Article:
As I've been writing about the myths surrounding the Hoover presidency the last week or so, it got me thinking about the question of where those myths came from and why they persist. Certainly a big part of the persistence has to do with the biases in the media, the punditry, and academia. The economic facts of how much worse the Great Depression got under Hoover are not in dispute, but if one is pre-disposed to think, even in a naive way, that government intervention is the answer to economic problems, then it's almost a necessity to accept the myth of Hoover as "laissez faire." If you don't, it would require some major cognitive dissonance to square the idea of Hoover as a proto-New Dealer (which he was) and the disaster of his presidency with your priors about the necessity of government intervention.
But putting biases aside, I think there's probably another source for it, especially in more recent years when more and more serious historians have rightly recognized Hoover's interventionism. I wonder, in all seriousness, how much the musical Annie is responsible for the various myths surrounding both Hoover and FDR. Hoover is played as the cause of their misery (no, there's no indication that the expansionary monetary policy of the 1920s and the errors of the Hoover-era Fed might be part of the problem). Although the lyrics to "We'd Like to Thank You Herbert Hoover" don't explicitly blame his inaction for the Depression, the contrast between the way he is treated and the reverence for FDR (who is actually a character in the musical) and the lyrics to "New Deal for Christmas," which clearly credit FDR for improving things, couldn't be more obvious. It need not be explicitly said that Hoover "did nothing," when it's clear that FDR supposedly saved us from the disaster Hoover created by giving us the New Deal.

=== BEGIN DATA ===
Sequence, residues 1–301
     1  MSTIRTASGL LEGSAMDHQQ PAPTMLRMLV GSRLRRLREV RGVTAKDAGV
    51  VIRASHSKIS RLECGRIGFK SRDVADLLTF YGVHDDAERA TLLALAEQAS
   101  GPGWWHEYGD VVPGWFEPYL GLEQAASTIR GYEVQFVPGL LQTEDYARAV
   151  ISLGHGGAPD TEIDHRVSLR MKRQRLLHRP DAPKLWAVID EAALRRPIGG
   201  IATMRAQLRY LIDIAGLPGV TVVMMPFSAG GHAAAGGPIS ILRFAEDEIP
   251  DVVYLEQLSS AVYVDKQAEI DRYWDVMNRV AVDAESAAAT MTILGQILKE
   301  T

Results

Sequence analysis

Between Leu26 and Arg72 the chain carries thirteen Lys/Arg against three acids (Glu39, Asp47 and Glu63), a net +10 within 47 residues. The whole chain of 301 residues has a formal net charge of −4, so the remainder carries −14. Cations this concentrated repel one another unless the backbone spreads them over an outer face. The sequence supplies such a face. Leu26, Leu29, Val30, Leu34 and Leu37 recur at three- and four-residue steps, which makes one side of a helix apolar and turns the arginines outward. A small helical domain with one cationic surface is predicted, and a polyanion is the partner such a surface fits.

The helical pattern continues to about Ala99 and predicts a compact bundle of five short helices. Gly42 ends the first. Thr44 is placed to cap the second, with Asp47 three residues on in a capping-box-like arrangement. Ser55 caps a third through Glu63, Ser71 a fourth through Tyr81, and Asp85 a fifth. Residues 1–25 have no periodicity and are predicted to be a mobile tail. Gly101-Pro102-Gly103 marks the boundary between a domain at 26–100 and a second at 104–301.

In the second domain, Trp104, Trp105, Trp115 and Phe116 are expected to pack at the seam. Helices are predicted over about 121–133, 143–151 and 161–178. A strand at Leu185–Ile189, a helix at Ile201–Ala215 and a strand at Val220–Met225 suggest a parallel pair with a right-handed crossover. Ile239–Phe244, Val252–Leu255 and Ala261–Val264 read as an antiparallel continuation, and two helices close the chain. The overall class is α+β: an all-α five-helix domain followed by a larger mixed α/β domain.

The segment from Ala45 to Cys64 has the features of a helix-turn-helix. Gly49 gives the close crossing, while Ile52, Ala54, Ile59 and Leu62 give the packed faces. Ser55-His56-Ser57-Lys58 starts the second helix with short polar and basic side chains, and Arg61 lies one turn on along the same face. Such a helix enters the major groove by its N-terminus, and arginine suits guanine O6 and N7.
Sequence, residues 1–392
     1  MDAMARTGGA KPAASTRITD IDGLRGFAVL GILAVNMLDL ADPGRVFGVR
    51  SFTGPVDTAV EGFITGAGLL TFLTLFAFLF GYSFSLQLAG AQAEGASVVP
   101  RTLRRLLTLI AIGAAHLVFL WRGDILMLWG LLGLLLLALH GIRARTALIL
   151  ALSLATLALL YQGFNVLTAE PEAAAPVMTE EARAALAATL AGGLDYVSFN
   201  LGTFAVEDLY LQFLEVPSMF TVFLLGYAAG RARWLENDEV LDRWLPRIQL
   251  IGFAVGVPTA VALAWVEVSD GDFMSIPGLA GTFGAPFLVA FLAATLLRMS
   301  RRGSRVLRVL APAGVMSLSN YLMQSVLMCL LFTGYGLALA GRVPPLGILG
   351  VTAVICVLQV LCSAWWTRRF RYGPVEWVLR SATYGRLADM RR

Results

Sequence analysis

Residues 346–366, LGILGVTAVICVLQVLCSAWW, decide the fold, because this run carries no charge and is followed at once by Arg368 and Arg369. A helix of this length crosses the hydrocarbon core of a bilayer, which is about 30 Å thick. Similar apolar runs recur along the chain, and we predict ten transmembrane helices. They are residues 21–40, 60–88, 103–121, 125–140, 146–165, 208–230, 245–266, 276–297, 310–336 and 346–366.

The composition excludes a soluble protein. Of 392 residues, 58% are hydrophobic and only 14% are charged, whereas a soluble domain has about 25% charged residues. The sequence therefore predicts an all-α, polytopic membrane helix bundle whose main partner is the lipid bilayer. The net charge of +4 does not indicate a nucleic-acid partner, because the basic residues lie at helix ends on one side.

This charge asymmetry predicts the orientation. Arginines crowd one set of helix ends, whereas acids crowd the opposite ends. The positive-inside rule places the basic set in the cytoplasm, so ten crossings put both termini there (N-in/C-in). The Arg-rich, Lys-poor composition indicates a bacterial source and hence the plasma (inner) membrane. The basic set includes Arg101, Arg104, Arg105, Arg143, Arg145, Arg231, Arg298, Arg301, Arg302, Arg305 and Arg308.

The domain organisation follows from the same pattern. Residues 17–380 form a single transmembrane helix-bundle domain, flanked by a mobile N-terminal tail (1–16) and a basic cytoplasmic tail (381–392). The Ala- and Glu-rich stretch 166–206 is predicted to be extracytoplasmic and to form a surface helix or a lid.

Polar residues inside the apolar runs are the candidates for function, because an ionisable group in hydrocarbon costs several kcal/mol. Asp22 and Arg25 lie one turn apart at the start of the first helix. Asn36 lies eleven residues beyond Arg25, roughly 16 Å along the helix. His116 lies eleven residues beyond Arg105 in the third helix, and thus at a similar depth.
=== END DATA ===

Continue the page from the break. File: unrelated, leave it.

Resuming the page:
Then there is the absolutely ridiculous scene in the Cabinet meeting where Annie reprises "Tomorrow" with the whole Cabinet singing along. (It's almost as bad as this piece of Rooseveltian propaganda, which if you've never seen, you should.) Add it all up and you have a very well-known piece of popular culture that promulgates the narrative of Hoover as uncaring villain who let the people starve and FDR as heart-of-gold president who stepped in and saved them. That narrative is consistent with the Hoover myth, not to mention the related myths that the two presidencies were dramatically different with respect to policy and that the New Deal was responsible for ending the Great Depression.
There are two real ironies here. First, people at the time were much more aware of Hoover's interventionism and the commonalities between Hoover's policies and FDR's. In Thursday's Freeman column, I provide some of the evidence of those links from FDR's own advisors. The real historical crime of Annie is that it puts a narrative from the 1950s and 60s into the mouths of characters living through the New Deal. The second irony is that the original "Little Orphan Annie" comic strip drawn by Harold Gray was fanatically ANTI-New Deal. The musical turned the comic strip's politics 180 degrees in its treacly treatment of the New Deal.
Popular culture matters when it comes to how memes originate and circulate. More people have seen Annie than have read the academic histories that get the story mostly right. I think Annie probably has significant explanatory power when it comes to the myths around Hoover and FDR.
I'd love to hear alternative or additional explanations if any members of our ever-wise commentariat have any.